Britain’s strange, silent strangulation of liberty
The organiser of Freedom Summer explains why defending civil society from the state has never been more important.
Every era has its own brand of state regulation; at different times, the repressive powers of the state are focused on different areas of social life. Today’s state is getting itself into some very strange corners indeed.
Twenty years ago, who would have thought that the state would seek to regulate mums helping out at their children’s nursery? Under the UK Safeguarding Vulnerable Groups Act – all nursery helpers must have their criminal records checked before being given the all-clear to watch over toddlers’ face-painting and Play-Doh sessions.
Who would have thought that police officers would force tourists to delete their photos of the architecturally interesting but otherwise unimportant Vauxhall bus station in London, in the name of preventing terrorism? (1) Who’d have guessed that under the Counter-Terrorism Act, it would become an offence to take pictures of police officers?
In previous times, the formidable powers of the state might have been used to crush demonstrations or dismantle threatening organisations. Now officials are focusing their fire on the pub darts contest, the local nursery, the amateur photographer, the drink in the park.
In 2009, if you are sharing a summers’ drink in the park, a police officer has the power to tip your bottle of wine down the drain, without any justification – and it is a criminal offence for you to refuse. Virtually every activity in pubs – from dancing, singalongs, music, to darts and chess – now requires a specific council licence. A Cambridge pub had to cancel a poetry reading recently, because it didn’t have a ‘spoken word licence’.
These are the areas of society that were previously the most autonomous – the places where people came together, to share a drink, or organise competitions and games – without using the language or methods of bureaucracy. Unlike the world of work, these were places where no forms were signed and no contracts made. This was civil society – a space that was neither the market nor the state – where people collaborated informally and freely with one another.
Yet it is precisely these most informal spheres that are becoming the most regulated. It is now almost the case that there are more rules and regulations in pubs than in the workplace; more in the nursery than in the bank.
These informal spheres are absolutely fundamental to social life. It is in these spaces that people form relationships that are not coerced, and not based on hostile contracting interests. These are the spaces where people work on getting things done together, in the interests and for the enjoyment of all. In civil society, things work differently – a list of volunteers is scribbled in the team book, not on a form; arrangements are made by phone or in the street, rather than by contract.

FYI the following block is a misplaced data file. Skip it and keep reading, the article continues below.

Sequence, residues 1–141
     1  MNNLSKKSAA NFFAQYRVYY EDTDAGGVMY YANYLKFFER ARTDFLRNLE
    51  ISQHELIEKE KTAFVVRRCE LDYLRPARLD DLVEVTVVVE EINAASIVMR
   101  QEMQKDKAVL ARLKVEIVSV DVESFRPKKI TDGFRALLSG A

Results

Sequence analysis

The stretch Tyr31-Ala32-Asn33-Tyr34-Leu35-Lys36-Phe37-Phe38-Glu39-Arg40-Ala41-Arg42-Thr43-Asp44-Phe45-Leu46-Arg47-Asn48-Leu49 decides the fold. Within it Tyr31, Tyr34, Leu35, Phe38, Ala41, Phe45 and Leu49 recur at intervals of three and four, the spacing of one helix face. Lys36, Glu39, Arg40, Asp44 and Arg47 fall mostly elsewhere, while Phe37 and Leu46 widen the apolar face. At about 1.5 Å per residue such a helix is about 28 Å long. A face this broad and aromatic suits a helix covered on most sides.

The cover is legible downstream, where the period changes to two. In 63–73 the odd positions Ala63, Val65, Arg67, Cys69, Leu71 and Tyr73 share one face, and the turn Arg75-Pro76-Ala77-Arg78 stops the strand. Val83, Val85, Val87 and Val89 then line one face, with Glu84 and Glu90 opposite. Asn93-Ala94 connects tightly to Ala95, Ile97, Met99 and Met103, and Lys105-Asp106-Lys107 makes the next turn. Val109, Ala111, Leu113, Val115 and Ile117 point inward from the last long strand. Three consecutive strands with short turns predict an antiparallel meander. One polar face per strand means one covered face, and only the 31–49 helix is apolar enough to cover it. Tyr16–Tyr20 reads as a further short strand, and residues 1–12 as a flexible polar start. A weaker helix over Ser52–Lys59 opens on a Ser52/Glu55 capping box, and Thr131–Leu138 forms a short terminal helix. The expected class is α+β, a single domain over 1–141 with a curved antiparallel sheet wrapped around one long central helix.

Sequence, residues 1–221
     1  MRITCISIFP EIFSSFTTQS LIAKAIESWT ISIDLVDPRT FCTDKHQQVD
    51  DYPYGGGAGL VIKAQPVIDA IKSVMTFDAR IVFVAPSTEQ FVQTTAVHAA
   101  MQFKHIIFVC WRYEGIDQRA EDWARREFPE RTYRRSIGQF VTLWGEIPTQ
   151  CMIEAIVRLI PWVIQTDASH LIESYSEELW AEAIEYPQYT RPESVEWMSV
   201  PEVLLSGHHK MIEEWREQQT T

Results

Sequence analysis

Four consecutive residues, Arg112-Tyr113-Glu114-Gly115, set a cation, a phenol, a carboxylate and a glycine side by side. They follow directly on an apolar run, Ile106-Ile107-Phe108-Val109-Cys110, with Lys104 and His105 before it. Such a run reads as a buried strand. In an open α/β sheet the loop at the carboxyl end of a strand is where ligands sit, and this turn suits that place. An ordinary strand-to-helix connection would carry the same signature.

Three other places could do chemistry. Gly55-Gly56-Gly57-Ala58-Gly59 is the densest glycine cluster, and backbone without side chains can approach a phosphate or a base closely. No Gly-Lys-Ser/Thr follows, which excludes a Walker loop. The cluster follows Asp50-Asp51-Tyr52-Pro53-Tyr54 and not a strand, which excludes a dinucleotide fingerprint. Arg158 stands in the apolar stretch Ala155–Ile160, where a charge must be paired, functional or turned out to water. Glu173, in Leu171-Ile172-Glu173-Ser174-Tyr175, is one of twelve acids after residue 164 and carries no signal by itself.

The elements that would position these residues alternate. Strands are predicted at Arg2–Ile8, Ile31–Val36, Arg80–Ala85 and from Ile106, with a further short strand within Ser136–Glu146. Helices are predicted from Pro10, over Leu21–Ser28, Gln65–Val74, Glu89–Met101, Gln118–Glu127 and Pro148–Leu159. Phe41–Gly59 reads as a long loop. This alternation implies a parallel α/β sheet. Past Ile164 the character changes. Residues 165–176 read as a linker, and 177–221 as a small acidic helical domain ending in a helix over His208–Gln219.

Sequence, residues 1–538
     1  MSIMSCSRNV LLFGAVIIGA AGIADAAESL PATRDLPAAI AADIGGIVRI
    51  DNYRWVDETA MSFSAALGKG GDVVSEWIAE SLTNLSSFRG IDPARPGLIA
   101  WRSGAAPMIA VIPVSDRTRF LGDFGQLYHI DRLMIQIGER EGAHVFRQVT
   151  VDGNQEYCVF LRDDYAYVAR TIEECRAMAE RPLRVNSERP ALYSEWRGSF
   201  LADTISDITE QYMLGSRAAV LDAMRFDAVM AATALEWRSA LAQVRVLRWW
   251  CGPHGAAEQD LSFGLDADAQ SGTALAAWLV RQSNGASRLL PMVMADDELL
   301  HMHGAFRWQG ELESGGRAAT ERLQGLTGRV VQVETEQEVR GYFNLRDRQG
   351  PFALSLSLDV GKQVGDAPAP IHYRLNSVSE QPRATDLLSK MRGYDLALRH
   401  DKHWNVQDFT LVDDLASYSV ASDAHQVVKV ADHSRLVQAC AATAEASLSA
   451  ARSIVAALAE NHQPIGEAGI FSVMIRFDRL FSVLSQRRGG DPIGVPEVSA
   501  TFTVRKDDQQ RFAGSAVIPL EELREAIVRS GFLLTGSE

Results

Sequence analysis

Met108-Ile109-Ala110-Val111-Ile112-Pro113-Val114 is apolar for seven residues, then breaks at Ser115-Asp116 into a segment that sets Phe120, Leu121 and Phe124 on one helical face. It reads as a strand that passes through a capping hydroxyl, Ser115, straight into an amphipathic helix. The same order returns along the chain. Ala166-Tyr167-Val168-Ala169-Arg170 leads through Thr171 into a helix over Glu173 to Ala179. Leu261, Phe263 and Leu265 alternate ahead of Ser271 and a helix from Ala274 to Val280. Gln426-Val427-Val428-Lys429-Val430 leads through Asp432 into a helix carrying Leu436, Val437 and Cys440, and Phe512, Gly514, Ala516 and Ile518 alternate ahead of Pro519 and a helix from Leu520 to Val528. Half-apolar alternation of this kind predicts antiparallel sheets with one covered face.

State intervention into these spheres of everyday life has happened quietly; it is not, generally, the subject of political discussion or protest. These issues are rarely discussed on the floor of the House of Commons, or even by many civil liberties organisations.
This summer, the Manifesto Club has organised Freedom Summer – to raise awareness about the hyperregulation of everyday life, and raise a shout of protest against it. On Thursday, at a pub in central London, we’re launching our campaign with a discussion among fellow libertarians, including Anthony Barnett from the Convention on Modern Liberty, Phil Booth from No2ID, and columnist Suzanne Moore. Over the next few months, events include: a salon in Huddersfield on the regulation of drinking; a sports day against vetting; a protest picnic on Brighton beach against booze bans; a cabaret against new visa controls for visiting artists and academics; and the launch of a new photo-book against ludicrous safety signs in public spaces.
It is important that Freedom Summer is a DIY political space – where people can propose their own initiatives, taking up the freedom issues that they are passionate about in their local areas. We hope this will become a festival of political experimentation, to work out together how we can make the hyperregulation of everyday life a political issue.
Summer is generally the time when police forces launch their Operation Public Drinking, Operation Public Dancing, or Operation Public Photography. Summer should also be the time when we start to organise a resistance to the hyperregulation our nurseries, pubs and parks.
Previously on spiked
Josie Appleton observed that across Britain, the police are behaving like gangsters. Mick Hume observed a rights kerfuffle. Dolan Cummings looks at how anti-smokers are stubbing out liberty. After the Convention on Modern Liberty, Tim Black asked what next for freedom, and elsewhere reviewed Dominic Raab’s Assualt on Liberty. Philip Hammond explained why human rights are wrong. Filmmaker Chris Atkins said ‘New Labour flushed liberty down the toilet’. Or read more at spiked issue Liberties.
(1) Police delete London tourists’ photos ‘to prevent terrorism’, Guardian, 16 April 2009
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